2 Your retiree medical benefits will be trimmed or canceled altogether. Until health-care reform ends this worry -- no sooner than 1997, according to the best accounts -- doctor, drug and hospital bills can wreck even the best- laid retirement plans. Employer-sponsored medical coverage is especially crucial for early retirees who are too young to qualify for Medicare, the government insurance program for those age 65 and older (see the profile on page 68). But company coverage is also valuable to retirees over age 65 because it covers most of the costs that Medicare doesn't. Today only a third of all retirees get low- or no-cost health insurance from their former employers, and that figure is getting sucked south. Employers are scaling back because starting this year the Financial Accounting Standards Board requires them to report the cost of future retiree health benefits on their balance sheets, thereby reducing reported profits. According to a survey of 2,400 corporations by the benefits consulting firm Foster Higgins, fewer than 1% have eliminated medical benefits for current retirees, but 7% have ended or plan to end benefits for future retirees, 30% have increased premiums for current retirees and 26% have hiked deductibles or co-payments for current retirees. Some who've suffered such cutbacks have sued former employers to reinstate promised benefits, but courts so far have ruled that employers have the right to change or even terminate such plans as long as documents that describe employee and retiree benefits make that position clear. The advice: Assume the worst. People who plan to retire soon but are over age 65 don't have it too bad. At worst, they'll have to buy a private Medigap policy (cost: $300 to $3,000 a year) if their employer eliminates its supplemental medical insurance plan. But if you are contemplating early retirement, make sure you can afford to buy health insurance on your own. Individual coverage currently costs between $3,500 and $12,000 a year, depending on your and your spouse's health. You may not have to wait until 65 to retire, however, even if you are not able to afford an individual policy. , Under the federal COBRA law, you are generally entitled to buy insurance at your or your spouse's former employer's group rate for 18 months. That may give you affordable coverage from age 63 1/2 until Medicare kicks in.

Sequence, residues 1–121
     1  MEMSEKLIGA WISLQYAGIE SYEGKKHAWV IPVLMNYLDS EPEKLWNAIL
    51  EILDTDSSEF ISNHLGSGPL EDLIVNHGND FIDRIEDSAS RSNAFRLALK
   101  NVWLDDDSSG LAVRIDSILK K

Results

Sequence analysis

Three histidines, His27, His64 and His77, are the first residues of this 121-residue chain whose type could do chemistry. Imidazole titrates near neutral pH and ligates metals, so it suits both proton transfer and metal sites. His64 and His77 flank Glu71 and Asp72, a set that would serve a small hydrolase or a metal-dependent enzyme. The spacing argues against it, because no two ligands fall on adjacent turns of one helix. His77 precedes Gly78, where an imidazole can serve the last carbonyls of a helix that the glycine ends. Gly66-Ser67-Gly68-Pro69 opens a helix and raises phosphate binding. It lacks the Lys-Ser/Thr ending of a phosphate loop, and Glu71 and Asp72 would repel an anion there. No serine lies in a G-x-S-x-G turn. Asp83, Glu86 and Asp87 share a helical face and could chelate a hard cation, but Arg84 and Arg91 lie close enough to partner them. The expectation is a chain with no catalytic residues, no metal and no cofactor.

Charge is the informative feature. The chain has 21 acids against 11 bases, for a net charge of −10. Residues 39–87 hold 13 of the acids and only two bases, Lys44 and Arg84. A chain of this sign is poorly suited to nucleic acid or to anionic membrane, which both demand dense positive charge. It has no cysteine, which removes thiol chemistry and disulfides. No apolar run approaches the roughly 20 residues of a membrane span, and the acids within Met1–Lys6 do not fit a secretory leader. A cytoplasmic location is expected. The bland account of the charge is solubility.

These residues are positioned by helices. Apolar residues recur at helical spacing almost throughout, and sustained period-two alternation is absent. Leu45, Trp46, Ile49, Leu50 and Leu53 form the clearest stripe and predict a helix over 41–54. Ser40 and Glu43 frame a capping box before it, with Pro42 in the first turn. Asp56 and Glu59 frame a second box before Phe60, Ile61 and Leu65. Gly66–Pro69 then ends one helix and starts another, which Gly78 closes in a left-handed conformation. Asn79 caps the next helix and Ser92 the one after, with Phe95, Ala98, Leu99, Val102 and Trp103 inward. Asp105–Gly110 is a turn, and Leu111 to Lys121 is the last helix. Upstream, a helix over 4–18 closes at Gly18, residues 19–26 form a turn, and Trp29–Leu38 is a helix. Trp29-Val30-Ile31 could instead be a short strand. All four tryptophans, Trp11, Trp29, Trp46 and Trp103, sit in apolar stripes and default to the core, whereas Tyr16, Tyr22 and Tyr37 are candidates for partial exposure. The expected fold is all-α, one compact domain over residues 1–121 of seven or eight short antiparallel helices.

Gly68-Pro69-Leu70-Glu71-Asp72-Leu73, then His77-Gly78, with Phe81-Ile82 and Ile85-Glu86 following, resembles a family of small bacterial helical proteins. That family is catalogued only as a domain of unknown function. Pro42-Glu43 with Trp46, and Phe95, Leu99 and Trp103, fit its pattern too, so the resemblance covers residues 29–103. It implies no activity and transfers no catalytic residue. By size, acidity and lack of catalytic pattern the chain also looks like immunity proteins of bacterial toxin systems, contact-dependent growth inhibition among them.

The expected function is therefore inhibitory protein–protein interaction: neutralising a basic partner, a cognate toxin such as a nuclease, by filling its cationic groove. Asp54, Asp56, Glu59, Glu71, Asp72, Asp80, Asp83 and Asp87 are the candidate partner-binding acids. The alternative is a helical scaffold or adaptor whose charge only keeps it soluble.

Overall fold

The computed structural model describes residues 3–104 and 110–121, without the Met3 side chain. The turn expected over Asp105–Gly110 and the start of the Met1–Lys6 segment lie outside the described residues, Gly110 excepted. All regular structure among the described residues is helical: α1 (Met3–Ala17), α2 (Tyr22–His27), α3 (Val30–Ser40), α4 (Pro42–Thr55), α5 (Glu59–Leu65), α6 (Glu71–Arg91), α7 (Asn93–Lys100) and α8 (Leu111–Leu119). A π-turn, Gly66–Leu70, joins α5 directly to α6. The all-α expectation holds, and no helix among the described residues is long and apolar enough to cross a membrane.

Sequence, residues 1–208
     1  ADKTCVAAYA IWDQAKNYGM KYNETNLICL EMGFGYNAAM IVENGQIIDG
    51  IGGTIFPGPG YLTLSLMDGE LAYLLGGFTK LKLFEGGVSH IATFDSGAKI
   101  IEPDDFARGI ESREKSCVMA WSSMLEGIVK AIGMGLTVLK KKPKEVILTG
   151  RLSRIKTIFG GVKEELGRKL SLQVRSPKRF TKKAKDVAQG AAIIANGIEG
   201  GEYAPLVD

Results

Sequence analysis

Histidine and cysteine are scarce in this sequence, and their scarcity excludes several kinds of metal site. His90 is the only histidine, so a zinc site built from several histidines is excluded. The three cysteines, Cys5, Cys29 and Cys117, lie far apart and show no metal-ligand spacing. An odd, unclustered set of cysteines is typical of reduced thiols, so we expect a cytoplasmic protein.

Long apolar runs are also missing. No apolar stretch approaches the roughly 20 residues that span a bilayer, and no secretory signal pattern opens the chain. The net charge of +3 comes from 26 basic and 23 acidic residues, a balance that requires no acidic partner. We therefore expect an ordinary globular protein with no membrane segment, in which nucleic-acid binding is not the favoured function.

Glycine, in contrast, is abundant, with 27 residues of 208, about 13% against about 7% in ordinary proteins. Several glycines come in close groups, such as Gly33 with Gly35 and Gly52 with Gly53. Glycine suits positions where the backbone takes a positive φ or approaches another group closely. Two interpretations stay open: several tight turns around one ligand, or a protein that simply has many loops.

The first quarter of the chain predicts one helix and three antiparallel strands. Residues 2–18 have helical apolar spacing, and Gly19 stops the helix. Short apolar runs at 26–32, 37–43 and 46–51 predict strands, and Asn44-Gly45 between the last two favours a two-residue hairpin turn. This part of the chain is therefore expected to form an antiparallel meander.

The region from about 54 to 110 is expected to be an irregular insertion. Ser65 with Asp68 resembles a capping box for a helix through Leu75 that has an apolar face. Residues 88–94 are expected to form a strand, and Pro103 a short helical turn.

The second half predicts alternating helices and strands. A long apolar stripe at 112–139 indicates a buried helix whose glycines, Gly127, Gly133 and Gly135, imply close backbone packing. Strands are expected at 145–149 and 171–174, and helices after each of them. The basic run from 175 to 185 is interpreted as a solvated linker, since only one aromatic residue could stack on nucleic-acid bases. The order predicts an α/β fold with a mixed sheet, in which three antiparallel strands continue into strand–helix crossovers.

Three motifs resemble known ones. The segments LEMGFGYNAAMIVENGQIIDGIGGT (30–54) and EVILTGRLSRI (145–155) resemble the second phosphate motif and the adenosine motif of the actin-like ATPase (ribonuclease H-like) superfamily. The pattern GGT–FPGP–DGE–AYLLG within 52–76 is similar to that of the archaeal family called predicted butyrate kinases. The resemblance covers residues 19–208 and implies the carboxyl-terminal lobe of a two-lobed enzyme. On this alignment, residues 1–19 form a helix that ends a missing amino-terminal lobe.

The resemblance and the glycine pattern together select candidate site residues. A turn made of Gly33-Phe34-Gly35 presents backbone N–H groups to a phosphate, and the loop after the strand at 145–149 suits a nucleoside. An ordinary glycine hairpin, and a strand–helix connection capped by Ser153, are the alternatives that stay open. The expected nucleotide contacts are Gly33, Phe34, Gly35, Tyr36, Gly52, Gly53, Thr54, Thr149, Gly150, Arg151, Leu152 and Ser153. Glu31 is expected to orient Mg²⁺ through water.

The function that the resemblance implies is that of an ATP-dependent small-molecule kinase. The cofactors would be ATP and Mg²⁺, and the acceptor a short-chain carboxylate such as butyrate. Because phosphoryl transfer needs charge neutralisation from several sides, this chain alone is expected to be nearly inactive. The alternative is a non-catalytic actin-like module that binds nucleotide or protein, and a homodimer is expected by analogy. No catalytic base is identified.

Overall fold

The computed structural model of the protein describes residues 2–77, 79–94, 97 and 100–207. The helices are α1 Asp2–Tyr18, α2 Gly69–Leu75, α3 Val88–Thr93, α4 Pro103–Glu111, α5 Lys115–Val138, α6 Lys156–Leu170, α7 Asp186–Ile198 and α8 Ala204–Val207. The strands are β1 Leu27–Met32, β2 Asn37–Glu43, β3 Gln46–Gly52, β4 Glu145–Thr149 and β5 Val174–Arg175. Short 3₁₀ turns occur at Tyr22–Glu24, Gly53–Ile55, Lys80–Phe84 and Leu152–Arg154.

3 Your Social Security benefits will shrink. The contraction has already begun. The new tax law signed by President Clinton last August will increase the portion of your Social Security payments subject to federal income tax from 50% to 85% if your total income (including half your Social Security benefits) exceeds $44,000 for married couples and $34,000 for singles (see the profile at left). Also, the age at which you can collect full Social Security benefits, now 65, is already scheduled to rise to 66 in 2005 and to 67 in 2022. Experts expect these changes are just the beginning. Says Michael Carter, a senior vice president at the Hay Group benefits consulting firm in Washington, D.C.: "Congress will probably continue to nibble at Social Security benefits. The retirement age might be further advanced, all benefits may be taxed and cost-of-living adjustments may even be scaled back or frozen for a while." The advice: Face up to the fact that Congress is making the Social Security system even more progressive, meaning that lower-paid employees get the most out of it. For instance, Social Security now replaces 58% of lower-paid workers' wages but only 25% of higher-paid employees' salaries. That's why B. Douglas Bernheim estimates that a 35-year-old married couple earning $150,000 a year should save at least 11.7% of their after-tax income, compared with 4.6% for a couple earning $30,000.